Senator proposes more aid for Janesville schools
Cullen's bill would give Janesville an extra $3 million in state aid next year to make up for the loss of aid under Gov. Scott Walker's budget.
Walker and fellow Republicans had given school districts "tools" to make up for the aid loss, but Janesville and a few other districts could not use those tools.
The tools require employees to pay 5.8 percent of their salaries toward their pensions and could also include higher premiums for health insurance, easing budget pressures.
But union workers in Janesville and some other districts have contracts that protect them from the effects of the legislation until the contracts run out June 30, 2013.
Cullen, D-Janesville, said the Clintonville, Jefferson, Southwestern and Milwaukee school districts also would benefit. Cullen's bill would give those districts half of the aid they would otherwise lose. In Janesville's case, that's $3 million, Cullen said.
Cullen's bill would give those districts "a first draw" from the general school-aid appropriation. That draw would reduce the amount available to all districts, but Cullen said the relatively few districts that would qualify means the overall reduction would be relatively small. He did not have specific numbers, and the Legislative Fiscal Bureau has not yet completed its fiscal note on the bill.
Cullen did not hold out great hope for passage.
"Everything's tough up there. It's going to be difficult. But you've got to try, even if it's uphill," Cullen said.
Cullen, a former member of the Janesville School Board, said he came up with the idea on his own, without input from the board.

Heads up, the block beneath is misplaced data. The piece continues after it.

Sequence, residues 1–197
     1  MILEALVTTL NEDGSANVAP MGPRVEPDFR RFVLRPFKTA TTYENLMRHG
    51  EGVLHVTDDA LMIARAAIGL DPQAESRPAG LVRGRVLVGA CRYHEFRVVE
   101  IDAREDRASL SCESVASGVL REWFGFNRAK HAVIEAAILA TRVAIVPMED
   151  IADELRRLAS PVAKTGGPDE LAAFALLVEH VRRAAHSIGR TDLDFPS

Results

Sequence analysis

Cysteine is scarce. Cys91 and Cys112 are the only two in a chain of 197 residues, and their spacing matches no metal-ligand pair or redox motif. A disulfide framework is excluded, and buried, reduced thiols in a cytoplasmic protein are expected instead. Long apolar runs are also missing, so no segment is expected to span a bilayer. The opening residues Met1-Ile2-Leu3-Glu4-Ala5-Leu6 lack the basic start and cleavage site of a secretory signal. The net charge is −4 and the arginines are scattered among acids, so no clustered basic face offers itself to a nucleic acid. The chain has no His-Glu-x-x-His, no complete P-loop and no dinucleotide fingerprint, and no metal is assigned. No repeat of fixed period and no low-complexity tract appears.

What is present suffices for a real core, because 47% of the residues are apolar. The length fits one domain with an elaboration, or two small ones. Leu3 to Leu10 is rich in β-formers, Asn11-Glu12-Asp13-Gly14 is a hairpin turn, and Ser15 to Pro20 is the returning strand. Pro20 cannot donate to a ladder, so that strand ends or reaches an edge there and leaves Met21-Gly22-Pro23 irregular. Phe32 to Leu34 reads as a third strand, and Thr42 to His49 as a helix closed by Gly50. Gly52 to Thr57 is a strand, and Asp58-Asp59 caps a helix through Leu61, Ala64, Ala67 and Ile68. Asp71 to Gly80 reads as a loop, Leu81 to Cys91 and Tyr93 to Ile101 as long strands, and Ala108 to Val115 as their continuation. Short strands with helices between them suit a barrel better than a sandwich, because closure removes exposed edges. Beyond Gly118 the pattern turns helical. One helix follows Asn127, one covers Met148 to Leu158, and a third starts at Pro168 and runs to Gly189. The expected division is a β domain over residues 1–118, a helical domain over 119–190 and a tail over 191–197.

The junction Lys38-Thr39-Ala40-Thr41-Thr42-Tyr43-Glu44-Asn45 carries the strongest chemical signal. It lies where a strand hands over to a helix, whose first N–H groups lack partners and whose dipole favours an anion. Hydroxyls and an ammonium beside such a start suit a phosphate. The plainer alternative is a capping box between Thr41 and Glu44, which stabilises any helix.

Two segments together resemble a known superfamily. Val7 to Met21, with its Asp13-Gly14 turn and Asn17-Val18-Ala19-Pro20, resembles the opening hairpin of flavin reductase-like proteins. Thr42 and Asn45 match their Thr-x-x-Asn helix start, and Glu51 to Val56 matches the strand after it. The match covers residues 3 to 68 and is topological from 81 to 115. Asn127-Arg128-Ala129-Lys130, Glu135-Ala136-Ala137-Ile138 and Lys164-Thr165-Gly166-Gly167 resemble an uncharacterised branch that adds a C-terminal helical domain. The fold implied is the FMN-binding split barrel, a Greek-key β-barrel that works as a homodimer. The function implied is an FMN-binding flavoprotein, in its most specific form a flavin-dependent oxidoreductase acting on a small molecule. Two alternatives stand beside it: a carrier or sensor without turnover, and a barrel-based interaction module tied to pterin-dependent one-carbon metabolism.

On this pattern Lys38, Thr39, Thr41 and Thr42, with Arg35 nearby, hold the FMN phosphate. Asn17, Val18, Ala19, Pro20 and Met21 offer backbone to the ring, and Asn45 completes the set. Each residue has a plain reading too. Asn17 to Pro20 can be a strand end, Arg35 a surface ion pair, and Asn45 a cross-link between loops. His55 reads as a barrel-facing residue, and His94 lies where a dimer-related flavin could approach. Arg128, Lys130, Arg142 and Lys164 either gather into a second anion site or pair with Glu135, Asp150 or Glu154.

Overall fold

"The bill does not increase state spending. It creates a potential very minor shift in school aid between districts," Cullen said.
Local Assembly members Joe Knilans, R-Janesville, and Amy Loudenbeck, R-Clinton, declined to co-sponsor the bill.
Knilans said he and Loudenbeck believe the fiscal impact on other districts would be too great, especially with Milwaukee in the mix.
Most school districts and their unions, including those surrounding Janesville, have already made the tough decisions and come to agreements on concessions, and those teachers and other employees are paying their share of their pensions, Knilans said.
"What we would do (under Cullen's proposal) is to ask those surrounding districts to take money out of their budgets to give to Janesville and Milwaukee," Knilans said.
He said that wouldn't be fair.
Cullen said it's not fair that the law treats all districts the same, even though some are penalized under the law because of pre-existing contracts.
"The facts are, this is money on a one-year-only basis being allocated out of a multibillion dollar pot of school aid," Cullen said.
Even including Milwaukee, the impact would not be great, Cullen said.
Cullen said he has one co-sponsor in the Assembly, Rep. Andy Jorgensen, D-Fort Atkinson.
Cullen said he waited until now to make his proposal. He was waiting to see whether a different attempt to help those districts would work.
That plan, which originated with Knilans, would have allowed unionized employees to reopen their contracts to make concessions without risking losing their collective bargaining rights.
Janesville teachers, who represent the lion's share of the district's payroll, declined on several occasions to reopen their contract, even with Knilans' measure, which expired in September.
Rep. Evan Wynn, R-Whitewater, has a similar proposal now before the Assembly, Knilans said.
Asked if he favored the unions agreeing to concessions, Cullen said it was up to the unions, not him, to decide.
Without the concessions from the unions, the Janesville School Board has three basic options for balancing its budgets this year and next: cuts, higher taxes or dipping into its reserves.